Friday, May 3, 2019

Tmac's Teachable - Runner's Interference

In this Teachable Moment, we discuss runner's interference and the great call of both Gary Cederstrom and Quinn Wolcott during a recent Nationals game. On this play in Washington, notice the fielder has his progress impeded by the Cardinals runner from second base while within reach of a ground ball.

Today's Teachable considers interference.
This is interference and there does NOT need to be contact. This is a great call and one of the harder plays to judge in real time. When we have interference that is not intentional by a runner, the play is over. The runner is out and all other runners go back to the base they occupied on the time of pitch.

Because the interference was not a willful and deliberate act with the obvious intent to break up a double play, the batter-runner will be, by rule, placed on first. Because the batter-runner is awarded first base, R1 is forced to advance to second, and we'll continue with an added out and runners at first and second.

If this was intentional (willful and deliberate) interference, we would get two outs, but clearly it's not. The fielder has the right of way until the ball has passed him. When the fielder no longer has a play on the ball that has passed him, the runner has the right of way, which has made for some interesting plays in the past.

IMPORTANT NOTE, NFHS: High School Rule 8-4-2g differs slightly from the college/pro version in that a double play can be awarded whether or not the interference is intentional.

3B Umpire Cederstrom enforces interference.
Calling INT, like many calls, is helped by being in the right position. One thing you can do is anticipate a tag or attempt. This will help you see any potential out of the base path violation, a tag, a missed tag, or an interference/obstruction call if the fielder misses the ball.

Some plays are really tough, as evidenced by the next play in Milwaukee on another potential interference. There's contact and the fielder is also slowed by the runner. Do you have INT?  If you do, what are your mechanics? If you said point to the interference, yell, "That's Interference!" then call "Time," call R1 out, and place B/R at first, congrats: you got the call right and, uh oh.. here comes a head coach/manager.  No need to fear here's how that convo goes...

Did the runner interfere with the fielder?
Let the coach/manager talk...... He's likely asking for an explanation and this is where knowing the rules really helps. Emphasize that in your judgement the runner hindered the fielder by making contact with him as he was attempting to field a ground ball. By rule, the runner is out and batter is placed at first. If he continues try to walk away; don't engage in a protracted discussion. Also, understand if you don't call INT that you need to know the rules as well. Why don't you have INT on this play?

Here are the rules you'll want to get into:
OBR 5.09(b)(3): "Any runner is out when—He intentionally interferes with a thrown ball; or hinders a fielder attempting to make a play on a batted ball."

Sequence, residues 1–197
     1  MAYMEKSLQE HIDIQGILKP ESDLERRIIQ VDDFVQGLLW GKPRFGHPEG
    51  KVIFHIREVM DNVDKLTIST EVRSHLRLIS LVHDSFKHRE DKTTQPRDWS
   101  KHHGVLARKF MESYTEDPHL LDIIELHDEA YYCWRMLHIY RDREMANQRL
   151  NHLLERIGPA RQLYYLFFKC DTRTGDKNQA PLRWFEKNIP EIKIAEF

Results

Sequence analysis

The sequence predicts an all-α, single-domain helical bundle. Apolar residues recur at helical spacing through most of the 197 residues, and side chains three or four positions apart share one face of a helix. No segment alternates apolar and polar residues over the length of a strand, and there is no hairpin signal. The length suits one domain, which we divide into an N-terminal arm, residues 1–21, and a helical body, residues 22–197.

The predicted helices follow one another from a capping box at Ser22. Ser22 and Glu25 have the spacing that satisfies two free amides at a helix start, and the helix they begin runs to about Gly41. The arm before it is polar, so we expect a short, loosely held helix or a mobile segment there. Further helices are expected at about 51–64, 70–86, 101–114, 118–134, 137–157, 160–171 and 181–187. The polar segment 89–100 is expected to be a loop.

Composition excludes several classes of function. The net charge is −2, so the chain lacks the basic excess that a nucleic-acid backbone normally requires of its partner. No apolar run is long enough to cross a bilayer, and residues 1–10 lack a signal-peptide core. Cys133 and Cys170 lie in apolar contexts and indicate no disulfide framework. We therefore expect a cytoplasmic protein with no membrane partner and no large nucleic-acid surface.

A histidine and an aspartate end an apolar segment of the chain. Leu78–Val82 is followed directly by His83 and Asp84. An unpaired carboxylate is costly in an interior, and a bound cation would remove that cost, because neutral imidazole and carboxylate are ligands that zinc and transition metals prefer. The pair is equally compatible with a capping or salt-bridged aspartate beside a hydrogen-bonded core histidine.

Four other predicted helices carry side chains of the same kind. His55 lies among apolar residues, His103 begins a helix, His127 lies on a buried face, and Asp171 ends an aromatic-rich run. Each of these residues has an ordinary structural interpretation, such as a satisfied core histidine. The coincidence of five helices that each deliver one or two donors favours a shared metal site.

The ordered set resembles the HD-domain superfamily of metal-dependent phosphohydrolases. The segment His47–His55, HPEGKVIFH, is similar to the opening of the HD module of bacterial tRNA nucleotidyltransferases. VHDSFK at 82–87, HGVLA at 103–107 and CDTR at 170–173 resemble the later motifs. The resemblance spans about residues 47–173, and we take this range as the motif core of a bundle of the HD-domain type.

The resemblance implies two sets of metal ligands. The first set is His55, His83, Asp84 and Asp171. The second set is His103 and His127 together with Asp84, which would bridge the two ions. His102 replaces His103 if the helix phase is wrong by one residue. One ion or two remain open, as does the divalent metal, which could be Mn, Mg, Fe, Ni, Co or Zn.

OBR 6.01(a)(10): "It is interference by a batter or a runner when—He fails to avoid a fielder who is attempting to field a batted ball, or intentionally interferes with a thrown ball."
OBR 6.01(a)(6): "If, in the judgment of the umpire, a base runner willfully and deliberately interferes with a batted ball or a fielder in the act of fielding a batted ball with the obvious intent to break up a double play, the ball is dead. The umpire shall call the runner out for interference and also call out the batter-runner because of the action of his teammate."
OBR 6.01(a) Penalty: "PENALTY FOR INTERFERENCE: The runner is out and the ball is dead."
NCAA 8-5-d: "A runner is out when—The runner interferes intentionally with a throw or thrown ball, or interferes with a fielder who is attempting to field a batted ball. If a double play is likely, and the runner intentionally interferes with the fielder who is attempting to field or throw the ball, both runner and batter-runner shall be declared out."
NFHS 8-4-2g: "Any runner is out when he—intentionally interferes with a throw or a thrown ball; or he hinders a fielder on his initial attempt to field a batted ball...If, in the judgment of the umpire, a runner including the batter-runner interferes in any way and prevents a double play anywhere, two shall be declared out (the runner who interfered and the other runner involved)."

This close play at first base happened as well.
You've heard me say this a lot, but working the bases requires focus. For instance, our close "was it interference or not?" play in Milwaukee was immediately followed by a pitcher-covering-first situation, leaving a slew of questions: did the Colorado pitcher catch the ball before the runner got to the base? Did the pitcher slide his heel on the base or did he miss his tag entirely (was the ball in his glove at the time?)? If he did tag the base, where was the runner's foot at the time? And so forth.

As many of the followers of this site get ready for the second half of their HS seasons, and the upcoming summer baseball schedule make sure you expect the unexpected and then look like $1 million bucks by nailing the call. Until next time, have fun out there and happy umpiring!

Video as follows:
Alternate Link: Two plays with runner-fielder interaction produce two different calls (WAS/MIL)


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